Surge Pricing: The practice of tripling, quadrupling and quintupling ride fares in times of high demand
With surge pricing, drivers can see in the app when an area is having high demand. The idea is to give them incentive to head to that zone. As more drivers pick up passengers from that area, demand is supposed to go down and prices will drop.
Alternately, the more demand there is, the higher the surge. So the fare can be anything from double the original price, which “The Surge” denotes as 2x, to eight times the original fare, or 8x. Theoretically the number could keep going up, but “The Surge” says surge pricing rarely gets higher than 2.8x. “The Surgers” also say that if passengers don’t want to pay the higher price, they don’t have to accept the ride.
Surge pricing is an algorithm “The Surgers” use that increases the cost of a ride in a particular area when demand for rides in that area goes up. In more dramatic moments when demand increases a lot — a snow storm in New York City and an armed hostage crisis in downtown Sidney are two real-world examples from recent years — the price can go up four or eight times its normal rate.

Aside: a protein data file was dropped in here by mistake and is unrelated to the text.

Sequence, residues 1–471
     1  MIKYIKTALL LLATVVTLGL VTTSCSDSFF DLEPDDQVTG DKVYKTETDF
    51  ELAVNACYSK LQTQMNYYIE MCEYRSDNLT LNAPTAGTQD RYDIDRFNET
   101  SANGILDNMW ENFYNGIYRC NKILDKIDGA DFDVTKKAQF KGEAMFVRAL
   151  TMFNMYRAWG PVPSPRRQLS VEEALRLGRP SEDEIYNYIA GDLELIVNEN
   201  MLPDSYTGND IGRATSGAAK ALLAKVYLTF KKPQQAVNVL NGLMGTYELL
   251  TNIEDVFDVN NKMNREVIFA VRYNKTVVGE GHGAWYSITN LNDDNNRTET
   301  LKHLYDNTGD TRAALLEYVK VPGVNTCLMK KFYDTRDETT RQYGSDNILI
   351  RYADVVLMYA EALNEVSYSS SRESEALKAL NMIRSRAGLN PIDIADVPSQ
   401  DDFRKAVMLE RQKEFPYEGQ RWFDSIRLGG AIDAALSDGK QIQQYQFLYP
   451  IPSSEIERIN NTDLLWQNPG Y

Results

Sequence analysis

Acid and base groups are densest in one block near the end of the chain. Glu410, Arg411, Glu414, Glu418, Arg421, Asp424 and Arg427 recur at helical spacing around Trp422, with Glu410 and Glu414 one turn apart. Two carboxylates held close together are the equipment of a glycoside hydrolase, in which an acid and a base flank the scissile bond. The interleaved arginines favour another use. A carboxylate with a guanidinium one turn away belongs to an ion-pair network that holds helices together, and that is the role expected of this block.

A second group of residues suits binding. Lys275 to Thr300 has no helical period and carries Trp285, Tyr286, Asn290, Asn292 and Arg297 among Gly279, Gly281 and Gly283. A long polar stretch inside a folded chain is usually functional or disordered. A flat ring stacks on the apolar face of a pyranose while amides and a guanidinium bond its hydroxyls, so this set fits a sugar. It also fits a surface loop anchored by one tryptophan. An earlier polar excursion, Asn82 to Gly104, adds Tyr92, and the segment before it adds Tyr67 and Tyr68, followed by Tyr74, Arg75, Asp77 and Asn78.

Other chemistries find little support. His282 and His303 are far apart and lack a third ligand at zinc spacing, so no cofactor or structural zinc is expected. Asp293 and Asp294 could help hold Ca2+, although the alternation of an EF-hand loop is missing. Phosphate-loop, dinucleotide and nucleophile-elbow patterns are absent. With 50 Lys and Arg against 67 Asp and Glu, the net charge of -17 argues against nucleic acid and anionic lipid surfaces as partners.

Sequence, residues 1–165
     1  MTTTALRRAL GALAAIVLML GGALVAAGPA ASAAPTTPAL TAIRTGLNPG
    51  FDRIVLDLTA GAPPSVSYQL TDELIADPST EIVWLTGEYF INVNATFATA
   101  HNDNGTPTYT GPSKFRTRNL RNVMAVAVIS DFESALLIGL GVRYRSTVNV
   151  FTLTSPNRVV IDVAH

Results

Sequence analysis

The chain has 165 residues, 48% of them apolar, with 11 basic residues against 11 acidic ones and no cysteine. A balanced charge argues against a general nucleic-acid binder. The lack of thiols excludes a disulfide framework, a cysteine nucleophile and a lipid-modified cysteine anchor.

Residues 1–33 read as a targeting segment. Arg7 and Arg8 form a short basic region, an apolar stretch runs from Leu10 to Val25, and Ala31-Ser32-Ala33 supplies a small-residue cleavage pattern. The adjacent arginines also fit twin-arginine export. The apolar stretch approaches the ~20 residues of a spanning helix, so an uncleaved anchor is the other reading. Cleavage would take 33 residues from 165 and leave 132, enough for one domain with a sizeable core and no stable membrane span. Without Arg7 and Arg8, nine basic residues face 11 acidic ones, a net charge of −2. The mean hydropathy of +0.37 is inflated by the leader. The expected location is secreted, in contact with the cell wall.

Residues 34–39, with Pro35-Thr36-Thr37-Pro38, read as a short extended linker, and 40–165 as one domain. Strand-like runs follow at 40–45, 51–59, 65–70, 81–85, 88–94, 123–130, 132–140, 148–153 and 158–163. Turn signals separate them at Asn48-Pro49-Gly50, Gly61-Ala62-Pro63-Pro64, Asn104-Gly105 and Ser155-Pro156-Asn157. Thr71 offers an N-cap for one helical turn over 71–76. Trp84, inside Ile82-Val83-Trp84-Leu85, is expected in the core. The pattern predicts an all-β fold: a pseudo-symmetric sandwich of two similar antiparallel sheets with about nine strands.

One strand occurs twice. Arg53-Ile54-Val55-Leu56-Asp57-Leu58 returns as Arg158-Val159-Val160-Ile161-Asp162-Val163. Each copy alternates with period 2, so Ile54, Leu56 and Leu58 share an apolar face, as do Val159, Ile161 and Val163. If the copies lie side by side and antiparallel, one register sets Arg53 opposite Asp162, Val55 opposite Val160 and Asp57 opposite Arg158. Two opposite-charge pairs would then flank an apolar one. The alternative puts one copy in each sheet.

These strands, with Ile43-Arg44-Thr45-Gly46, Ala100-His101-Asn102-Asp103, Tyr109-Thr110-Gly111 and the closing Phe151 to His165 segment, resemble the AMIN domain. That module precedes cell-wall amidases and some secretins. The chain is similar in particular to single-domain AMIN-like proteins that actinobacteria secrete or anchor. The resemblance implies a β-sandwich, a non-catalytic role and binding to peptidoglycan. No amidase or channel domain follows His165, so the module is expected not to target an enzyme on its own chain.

“The Surgers” often uses the argument that this type of dynamic pricing is used in all sorts of industries. Hotels raise fares during the holiday season, as do airlines. Restaurants also charge more on certain days, like New Year’s Eve and Valentine’s Day. The Surge says that in a big city like New York, less than 10 percent of trips have surge pricing.
A sure way “The Surgers” will get a low grade from the Better Business Bureau is to rack up customer complaints. And this appears to be the case with Surge companies.